The City of Culver City and Police Department struggled unsuccessfully for years to deal with a multitude of persistent roof problems and leaks. Culver City officials finally sought the professional services of their local roofing contractor, Hull Br
Hull Brothers Roofing, has been Los Angele's premier roofing company since 1928. Hull Brothers has performed literally every roofing and waterproofing project for the City of Culver City since 2003.
A Public Works official for the City of Culver City commented, "I am absolutely delighted that we were finally able to get Hull Brothers onto this roof project. I have once again seen what they can do, trust their expertise and know they stand behind their warranties. I believe this project was very successful and brings great value to the City."
Additionally, the City wanted to extend the serviceable life cycle of the older roof and to reduce the cost of electricity used to run the building's air conditioning systems. To complete the project in the most energy efficient way possible, Hull Brothers first provided normal roof maintenance, repairs and treatment of areas of negative drainage (low spots). Hull Brothers then installed a unique energy saving, highly heat-reflective, Title 24 compliant "Cool Roof" coating system.
According to the National Weather Service Climate Prediction Center, the drought in Southern California is expected to "persist or intensify" through the summer. Fortunately, the remedy for commercial buildings as well as private residences is a relatively low-tech and low-cost solution: a "cool roof."
California's Title 24 building code mandates the money-saving benefits of using cool roof technology for commercial and residential buildings. A "cool" or "white" roof significantly reduces electricity use during peak hours and also extends the roof's serviceable lifetime. The cool roof code already has resulted in cool roofs becoming more common throughout Los Angeles.
Craig Tranby, an environmental supervisor at the Los Angeles Department of Water and Power commented, "For residential buildings, which represent a much larger area (than commercial buildings), this has not been the case and hotter asphalt roofs are dominant." The new municipal cool roof ordinance will change that.
"In Los Angeles, heat from the drought has resulted in a number of significant negative impacts, which the cool roofs will help address," said Tranby. These negative impacts include decreasing roof life-cycle, increasing overall and peak energy consumption as consumers attempt to cool buildings with air conditioning, plus increasing heat-related illnesses among those who cannot afford to cool their structures, according to Tranby.
Asphalt based roofs are extremely efficient at absorbing and retaining the sun's energy in the form of heat. According to the Department of Energy, on a hot, sunny day, the temperature on the surface of a traditional black or tar roof can be more than 50 degrees Fahrenheit warmer than the surrounding air temperature. Because an uncoated roof is so inefficient it also remains very hot well into the evening hours. The roof effectively sits on the structure like a giant electric blanket slowly releasing (emitting) heat into the structure for hours after outside temperatures have fallen. This forces consumers to run their air conditioning well into the evening hours to cool their building's interior despite the cooler night air outside.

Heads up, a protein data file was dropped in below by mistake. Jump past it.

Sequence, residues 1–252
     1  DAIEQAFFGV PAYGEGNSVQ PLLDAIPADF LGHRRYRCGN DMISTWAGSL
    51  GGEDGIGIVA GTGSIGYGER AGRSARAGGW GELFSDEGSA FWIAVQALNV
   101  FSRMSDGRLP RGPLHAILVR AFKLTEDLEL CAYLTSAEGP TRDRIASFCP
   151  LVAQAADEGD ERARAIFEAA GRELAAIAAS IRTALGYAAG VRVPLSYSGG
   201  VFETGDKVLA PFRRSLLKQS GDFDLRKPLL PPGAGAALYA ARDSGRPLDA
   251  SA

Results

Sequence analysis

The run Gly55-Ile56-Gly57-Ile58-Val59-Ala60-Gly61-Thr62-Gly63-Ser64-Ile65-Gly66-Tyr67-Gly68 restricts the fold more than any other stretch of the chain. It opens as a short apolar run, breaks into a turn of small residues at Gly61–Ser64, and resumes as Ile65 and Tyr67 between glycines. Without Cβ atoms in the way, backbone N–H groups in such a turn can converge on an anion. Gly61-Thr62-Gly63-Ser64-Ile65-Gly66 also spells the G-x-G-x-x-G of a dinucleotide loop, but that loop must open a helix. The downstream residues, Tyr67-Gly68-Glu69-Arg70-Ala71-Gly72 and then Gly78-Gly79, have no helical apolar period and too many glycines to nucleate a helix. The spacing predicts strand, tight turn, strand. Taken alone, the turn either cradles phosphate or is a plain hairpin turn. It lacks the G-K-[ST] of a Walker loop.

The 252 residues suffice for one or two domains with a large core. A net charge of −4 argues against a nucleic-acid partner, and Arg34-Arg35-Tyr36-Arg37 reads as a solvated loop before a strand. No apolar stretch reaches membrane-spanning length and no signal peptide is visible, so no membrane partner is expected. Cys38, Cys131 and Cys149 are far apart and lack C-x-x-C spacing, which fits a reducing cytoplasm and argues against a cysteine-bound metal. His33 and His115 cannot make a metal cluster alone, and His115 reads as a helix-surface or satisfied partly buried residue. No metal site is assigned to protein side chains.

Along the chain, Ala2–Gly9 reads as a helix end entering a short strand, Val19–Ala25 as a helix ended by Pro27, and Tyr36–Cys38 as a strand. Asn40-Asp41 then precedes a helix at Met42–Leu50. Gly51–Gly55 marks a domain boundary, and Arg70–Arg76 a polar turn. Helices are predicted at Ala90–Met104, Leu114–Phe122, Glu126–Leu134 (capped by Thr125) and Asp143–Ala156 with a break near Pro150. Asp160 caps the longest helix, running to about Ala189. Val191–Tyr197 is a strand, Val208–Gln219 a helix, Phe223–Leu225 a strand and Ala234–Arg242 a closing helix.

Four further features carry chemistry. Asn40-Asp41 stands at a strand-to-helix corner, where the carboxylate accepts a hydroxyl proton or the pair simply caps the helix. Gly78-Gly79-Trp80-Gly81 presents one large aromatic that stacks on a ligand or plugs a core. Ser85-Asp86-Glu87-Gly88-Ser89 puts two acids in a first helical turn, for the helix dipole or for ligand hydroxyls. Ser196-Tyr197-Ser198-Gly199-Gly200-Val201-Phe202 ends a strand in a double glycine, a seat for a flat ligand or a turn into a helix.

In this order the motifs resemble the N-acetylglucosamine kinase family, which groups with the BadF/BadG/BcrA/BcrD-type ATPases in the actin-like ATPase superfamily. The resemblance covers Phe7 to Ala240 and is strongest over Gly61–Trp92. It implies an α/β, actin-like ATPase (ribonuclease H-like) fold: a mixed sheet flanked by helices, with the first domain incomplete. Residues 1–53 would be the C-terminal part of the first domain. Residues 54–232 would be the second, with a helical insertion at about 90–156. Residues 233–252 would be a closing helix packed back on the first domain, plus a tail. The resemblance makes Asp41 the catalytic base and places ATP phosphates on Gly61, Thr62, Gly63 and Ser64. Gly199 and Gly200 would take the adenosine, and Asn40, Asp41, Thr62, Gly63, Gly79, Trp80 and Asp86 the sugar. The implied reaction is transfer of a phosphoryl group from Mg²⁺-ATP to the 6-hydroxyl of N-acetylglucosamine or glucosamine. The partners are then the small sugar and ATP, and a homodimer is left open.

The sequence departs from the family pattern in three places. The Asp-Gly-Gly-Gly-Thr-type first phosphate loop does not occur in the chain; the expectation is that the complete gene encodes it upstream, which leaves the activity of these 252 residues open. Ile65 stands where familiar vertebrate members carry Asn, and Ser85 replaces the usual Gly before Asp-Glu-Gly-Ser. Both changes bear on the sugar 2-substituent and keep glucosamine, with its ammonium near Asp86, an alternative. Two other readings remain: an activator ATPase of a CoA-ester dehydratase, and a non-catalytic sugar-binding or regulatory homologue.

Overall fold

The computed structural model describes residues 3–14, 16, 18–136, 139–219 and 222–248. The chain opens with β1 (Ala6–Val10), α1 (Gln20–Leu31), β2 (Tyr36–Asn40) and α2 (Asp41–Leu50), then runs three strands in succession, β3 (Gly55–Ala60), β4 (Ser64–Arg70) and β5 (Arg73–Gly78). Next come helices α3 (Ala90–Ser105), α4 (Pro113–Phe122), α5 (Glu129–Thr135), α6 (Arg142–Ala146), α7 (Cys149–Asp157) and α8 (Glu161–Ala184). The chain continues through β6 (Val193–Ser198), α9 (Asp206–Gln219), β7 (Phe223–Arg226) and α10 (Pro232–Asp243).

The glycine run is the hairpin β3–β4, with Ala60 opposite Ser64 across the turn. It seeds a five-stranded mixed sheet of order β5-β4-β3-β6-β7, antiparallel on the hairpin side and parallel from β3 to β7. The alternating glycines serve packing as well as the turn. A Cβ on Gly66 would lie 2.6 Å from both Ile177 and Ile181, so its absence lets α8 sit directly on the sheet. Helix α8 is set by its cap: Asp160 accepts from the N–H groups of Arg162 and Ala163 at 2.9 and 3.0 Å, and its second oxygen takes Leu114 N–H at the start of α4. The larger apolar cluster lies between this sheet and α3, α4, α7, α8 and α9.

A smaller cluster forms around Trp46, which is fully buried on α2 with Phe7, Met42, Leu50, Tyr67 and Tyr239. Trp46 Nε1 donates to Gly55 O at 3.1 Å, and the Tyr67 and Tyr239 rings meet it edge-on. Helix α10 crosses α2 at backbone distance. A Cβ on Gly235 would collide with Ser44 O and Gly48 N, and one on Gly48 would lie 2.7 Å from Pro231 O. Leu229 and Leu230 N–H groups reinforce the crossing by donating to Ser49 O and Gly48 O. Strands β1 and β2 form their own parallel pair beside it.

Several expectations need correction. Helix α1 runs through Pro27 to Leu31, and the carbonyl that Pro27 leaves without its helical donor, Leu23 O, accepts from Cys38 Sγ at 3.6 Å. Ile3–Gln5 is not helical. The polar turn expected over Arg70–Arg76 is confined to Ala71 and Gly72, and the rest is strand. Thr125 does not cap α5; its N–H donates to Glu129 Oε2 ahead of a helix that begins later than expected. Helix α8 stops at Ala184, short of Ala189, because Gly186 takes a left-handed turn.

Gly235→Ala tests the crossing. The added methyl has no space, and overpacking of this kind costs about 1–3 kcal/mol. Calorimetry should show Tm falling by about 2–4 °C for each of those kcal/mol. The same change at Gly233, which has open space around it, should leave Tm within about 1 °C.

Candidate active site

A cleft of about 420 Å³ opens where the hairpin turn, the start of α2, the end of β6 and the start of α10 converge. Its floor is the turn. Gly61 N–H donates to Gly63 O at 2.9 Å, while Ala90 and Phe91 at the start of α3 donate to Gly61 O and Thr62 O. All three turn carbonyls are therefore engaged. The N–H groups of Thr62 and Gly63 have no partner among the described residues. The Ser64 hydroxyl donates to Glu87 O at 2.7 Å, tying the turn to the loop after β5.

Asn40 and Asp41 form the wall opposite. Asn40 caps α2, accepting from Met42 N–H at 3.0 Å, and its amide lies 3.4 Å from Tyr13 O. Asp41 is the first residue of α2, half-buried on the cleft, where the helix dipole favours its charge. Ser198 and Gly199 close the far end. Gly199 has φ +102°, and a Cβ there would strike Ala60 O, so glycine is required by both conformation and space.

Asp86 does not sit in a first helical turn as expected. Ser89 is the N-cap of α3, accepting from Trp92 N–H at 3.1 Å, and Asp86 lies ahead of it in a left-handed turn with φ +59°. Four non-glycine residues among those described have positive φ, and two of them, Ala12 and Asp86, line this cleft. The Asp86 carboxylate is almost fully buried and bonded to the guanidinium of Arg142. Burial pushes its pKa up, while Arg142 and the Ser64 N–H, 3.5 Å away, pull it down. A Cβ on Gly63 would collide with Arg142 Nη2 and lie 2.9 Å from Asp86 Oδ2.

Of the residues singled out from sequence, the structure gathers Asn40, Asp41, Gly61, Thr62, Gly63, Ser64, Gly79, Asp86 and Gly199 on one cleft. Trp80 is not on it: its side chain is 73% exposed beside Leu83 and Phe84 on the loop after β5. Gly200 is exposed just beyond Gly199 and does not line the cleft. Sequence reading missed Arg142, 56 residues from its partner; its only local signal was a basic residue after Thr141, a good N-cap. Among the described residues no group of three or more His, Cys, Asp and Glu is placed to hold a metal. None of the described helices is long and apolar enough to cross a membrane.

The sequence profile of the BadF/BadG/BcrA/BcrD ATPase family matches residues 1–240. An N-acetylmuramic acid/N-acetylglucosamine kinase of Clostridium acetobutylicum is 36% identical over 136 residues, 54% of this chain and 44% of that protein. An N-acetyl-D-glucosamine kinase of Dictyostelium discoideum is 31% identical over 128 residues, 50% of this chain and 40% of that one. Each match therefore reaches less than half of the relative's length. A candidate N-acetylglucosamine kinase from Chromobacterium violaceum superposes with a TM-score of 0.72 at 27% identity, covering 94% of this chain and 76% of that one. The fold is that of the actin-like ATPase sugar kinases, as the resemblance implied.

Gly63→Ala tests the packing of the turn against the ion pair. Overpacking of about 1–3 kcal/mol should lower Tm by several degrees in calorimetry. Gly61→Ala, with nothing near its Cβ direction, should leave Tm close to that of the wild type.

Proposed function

A "Cool" or "White" roof coating significantly reduces the heat emitted into the structure compared to an un-coated roof. In addition, cool roofs have proven to permanently reduce electrical costs, air conditioning demand and overall energy bills. Another benefit of a white roof coating is that it actually preserves the roof by protecting it from the sun's unrelenting damaging UV light, effectively extending the life of the roof up to twice that of an uncoated roof.
In the process of installing the "cool roof" for Culver City, Hull Brothers first sprayed the roofs with a base coating and then a second complete coating as a sealant. Each separate coating was back rolled by hand to insure proper coverage and adhesion. All parapet walls, flashings and penetrations were also coated. The 18 year old roofs looked brand new and it was obvious that their useful serviceable lives had been extended.
Looking ahead, "Los Angeles is going to get hotter," says David Fink, the director of campaigns for Climate Resolve, a local nonprofit environmental group dedicated to making southern California more prosperous and livable. "Cool roofs on consumer's properties help utilities meet their energy efficiency goals, Fink says. On a hot summer day, a cool roof can be up to 50 degrees Fahrenheit cooler than a traditional roof."
"The City of Culver City definitely made the right decision to spend their funds on this resurfacing system and will reap many benefits including the deferral of re-roofing by at least another seven years," Said Hull CEO Chuck Jewett.
For more information on how to save money and conserve energy by converting your old, hot roof into a cool roof, visit